Linear Models and Scatter Plots

# Linear Models and Scatter Plots -

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<!DOCTYPE html PUBLIC "-//W3C//DTD XHTML 1.0 Strict//EN" "http://www.w3.org/TR/xhtml1/DTD/xhtml1-strict.dtd"> <html xmlns="http://www.w3.org/1999/xhtml"> <head> <title>2.6 - Exploring Data: Linear Models and Scatter Plots</title> <meta http-equiv="Content-Type" content="text/html; charset=iso-8859-1" /> <link href=". ./m116.css" rel="stylesheet" type="text/css" /> </head> <body> <h1>2.6 - Exploring Data: Linear Models and Scatter Plots</h1> <p>This section ties in heavily with the notes for a <a href=". ./. ./m170/">statistics class</a>. In particular, look at the <a href=". ./. ./. ./ti82/ti-lists.html">Introduction to Statistics and Lists on the TI82</a> and <a href=". ./. ./. ./ti82/ti-plot3.html">Scatter Plots and Regression Lines on the TI82</a>. With that said, I will try to convey most of that information here, also.</p> <p>I have included notes for the TI82, TI83, and TI85 calculators. I don't normally do the TI85, but the statistics mode on it is fairly difficult to grasp. I do not have notes on how to use any of the other calculators, like the Casio or Sharp. If you would rather see all of the notes for your calculator in one location, then see the lecture notes for either the <a href="models82.html">TI82 / TI83</a> or the <a href="models85.html">TI85</a>. Everything here is included there, so you only need to print one or the other.</p> <h3>TI83 Users Only</h3> <p>There is a correlation coefficient which is mentioned in the book. By default, the TI83 does not give this to you. You can enable it (you only need to do this once, and then it's done forever more until you lose power or reset your calculator) by going [Catalog] (2<sup>nd</sup> zero). Then, scroll down to <strong>DiagnosticOn</strong> (hit D [the calculator is already in alpha mode, so just press the inverse key] to get close quickly) and press enter twice until the calculator says Done.</p> <h2>Correlation and Regression</h2> <p>The Linear Correlation Coefficient (r) is a measure of the strength and direction of a relationship between two variables. If the y gets larger when the x gets larger, the coefficient is positive and if the y gets smaller when the x gets larger, the coefficient is negative. If there is no linear relationship between the two variables, then the coefficient is zero. If all the data exactly lies on a line, then it is called perfect correlation and the value will either be 1 or -1. The closer the value is to 1 or -1, the closer the points are to the line and the stronger the linear relationship. The same concept applies for other types of regression (the TI82, TI83, and TI85 will do linear, logarithmic, exponential, power, quadratic, cubic, and quartic regression). </p>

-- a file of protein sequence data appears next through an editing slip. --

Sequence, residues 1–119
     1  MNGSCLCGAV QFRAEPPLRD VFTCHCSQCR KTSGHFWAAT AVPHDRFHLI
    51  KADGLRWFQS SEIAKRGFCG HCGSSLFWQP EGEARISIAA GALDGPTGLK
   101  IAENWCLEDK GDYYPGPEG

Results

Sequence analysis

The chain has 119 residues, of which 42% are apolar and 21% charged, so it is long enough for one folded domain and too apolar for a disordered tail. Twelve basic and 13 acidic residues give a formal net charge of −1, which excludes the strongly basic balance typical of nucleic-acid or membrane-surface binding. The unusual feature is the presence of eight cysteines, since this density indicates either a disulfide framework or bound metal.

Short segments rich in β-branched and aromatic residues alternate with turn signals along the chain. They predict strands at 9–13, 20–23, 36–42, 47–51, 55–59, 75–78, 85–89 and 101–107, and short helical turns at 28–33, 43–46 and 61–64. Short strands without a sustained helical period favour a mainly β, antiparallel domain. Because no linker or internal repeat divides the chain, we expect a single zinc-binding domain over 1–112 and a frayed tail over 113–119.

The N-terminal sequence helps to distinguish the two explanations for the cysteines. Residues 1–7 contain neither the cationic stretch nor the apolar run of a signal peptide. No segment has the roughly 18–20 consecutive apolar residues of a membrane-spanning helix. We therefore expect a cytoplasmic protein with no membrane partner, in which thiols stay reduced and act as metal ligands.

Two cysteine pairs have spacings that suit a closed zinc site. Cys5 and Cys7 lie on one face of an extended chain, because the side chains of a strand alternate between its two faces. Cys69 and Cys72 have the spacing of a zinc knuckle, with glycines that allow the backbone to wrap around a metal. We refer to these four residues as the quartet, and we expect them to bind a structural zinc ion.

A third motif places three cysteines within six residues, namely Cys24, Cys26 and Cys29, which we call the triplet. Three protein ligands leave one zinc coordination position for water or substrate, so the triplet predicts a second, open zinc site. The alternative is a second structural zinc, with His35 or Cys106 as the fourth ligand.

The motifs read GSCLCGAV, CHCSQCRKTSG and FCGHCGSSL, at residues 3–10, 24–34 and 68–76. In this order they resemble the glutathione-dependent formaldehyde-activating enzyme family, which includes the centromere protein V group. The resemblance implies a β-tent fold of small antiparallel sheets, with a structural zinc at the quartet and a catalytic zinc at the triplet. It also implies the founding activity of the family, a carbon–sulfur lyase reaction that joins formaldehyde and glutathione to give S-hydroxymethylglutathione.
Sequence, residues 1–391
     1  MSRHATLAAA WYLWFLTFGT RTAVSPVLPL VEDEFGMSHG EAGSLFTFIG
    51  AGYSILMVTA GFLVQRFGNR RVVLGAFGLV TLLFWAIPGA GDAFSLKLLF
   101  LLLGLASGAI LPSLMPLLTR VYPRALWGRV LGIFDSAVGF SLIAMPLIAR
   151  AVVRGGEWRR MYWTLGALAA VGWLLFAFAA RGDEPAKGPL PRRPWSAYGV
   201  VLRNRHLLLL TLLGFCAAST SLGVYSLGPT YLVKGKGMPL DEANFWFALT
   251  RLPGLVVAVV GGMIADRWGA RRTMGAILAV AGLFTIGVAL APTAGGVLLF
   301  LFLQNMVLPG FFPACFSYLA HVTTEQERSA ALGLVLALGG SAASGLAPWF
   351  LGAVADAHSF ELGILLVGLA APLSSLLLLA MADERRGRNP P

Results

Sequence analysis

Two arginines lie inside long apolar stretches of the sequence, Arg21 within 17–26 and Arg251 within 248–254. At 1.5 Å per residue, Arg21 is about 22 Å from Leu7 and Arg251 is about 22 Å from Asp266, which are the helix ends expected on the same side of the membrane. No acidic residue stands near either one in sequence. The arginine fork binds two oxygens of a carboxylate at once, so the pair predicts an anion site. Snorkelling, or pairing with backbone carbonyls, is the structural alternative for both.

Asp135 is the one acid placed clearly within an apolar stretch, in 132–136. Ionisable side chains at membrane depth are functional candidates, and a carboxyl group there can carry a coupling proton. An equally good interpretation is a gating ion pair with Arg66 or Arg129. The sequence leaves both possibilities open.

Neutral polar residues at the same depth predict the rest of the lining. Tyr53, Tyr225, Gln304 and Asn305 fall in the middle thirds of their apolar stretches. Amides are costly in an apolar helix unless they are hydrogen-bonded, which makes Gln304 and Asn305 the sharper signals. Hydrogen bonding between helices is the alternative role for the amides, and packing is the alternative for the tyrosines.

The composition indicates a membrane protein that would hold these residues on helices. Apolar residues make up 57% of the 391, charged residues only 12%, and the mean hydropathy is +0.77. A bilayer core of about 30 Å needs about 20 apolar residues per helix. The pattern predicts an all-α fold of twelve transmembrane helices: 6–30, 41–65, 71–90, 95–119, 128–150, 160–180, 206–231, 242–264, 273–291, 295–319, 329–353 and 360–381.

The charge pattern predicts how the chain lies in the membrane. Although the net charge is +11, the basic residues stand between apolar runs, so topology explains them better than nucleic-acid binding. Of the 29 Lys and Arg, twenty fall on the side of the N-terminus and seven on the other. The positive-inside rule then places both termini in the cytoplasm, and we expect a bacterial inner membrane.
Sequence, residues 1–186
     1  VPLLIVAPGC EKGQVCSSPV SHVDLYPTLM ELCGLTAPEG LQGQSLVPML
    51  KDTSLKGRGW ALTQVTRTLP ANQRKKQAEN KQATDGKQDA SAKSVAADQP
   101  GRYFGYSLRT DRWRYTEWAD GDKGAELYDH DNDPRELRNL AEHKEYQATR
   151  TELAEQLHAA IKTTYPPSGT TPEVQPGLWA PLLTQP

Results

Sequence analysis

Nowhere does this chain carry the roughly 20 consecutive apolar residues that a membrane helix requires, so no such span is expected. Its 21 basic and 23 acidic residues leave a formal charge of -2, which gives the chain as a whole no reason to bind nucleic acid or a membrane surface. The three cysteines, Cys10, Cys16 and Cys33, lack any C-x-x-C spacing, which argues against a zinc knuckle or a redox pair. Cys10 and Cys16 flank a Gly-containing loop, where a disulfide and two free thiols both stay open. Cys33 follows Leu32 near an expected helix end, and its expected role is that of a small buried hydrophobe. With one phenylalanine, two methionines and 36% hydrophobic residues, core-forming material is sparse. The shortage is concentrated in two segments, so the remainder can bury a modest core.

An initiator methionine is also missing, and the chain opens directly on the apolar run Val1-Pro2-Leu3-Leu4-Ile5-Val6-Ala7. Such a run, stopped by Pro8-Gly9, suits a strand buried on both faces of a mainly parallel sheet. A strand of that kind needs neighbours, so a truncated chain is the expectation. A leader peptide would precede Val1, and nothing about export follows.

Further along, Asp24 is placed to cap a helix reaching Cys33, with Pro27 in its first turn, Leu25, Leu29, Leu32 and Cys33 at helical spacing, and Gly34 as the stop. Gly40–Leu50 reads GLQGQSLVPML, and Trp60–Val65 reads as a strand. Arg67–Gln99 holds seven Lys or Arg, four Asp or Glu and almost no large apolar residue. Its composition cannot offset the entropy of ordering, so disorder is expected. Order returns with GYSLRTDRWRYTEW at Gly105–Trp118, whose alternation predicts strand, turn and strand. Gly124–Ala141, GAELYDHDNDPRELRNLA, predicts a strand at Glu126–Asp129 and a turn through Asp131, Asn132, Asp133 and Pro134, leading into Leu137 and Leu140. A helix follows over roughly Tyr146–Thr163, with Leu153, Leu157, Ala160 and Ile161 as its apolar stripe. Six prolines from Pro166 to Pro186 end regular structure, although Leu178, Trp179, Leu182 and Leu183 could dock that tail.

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## This note was uploaded on 10/18/2011 for the course MAT 1033 taught by Professor Brown during the Spring '10 term at Valencia.

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Linear Models and Scatter Plots -

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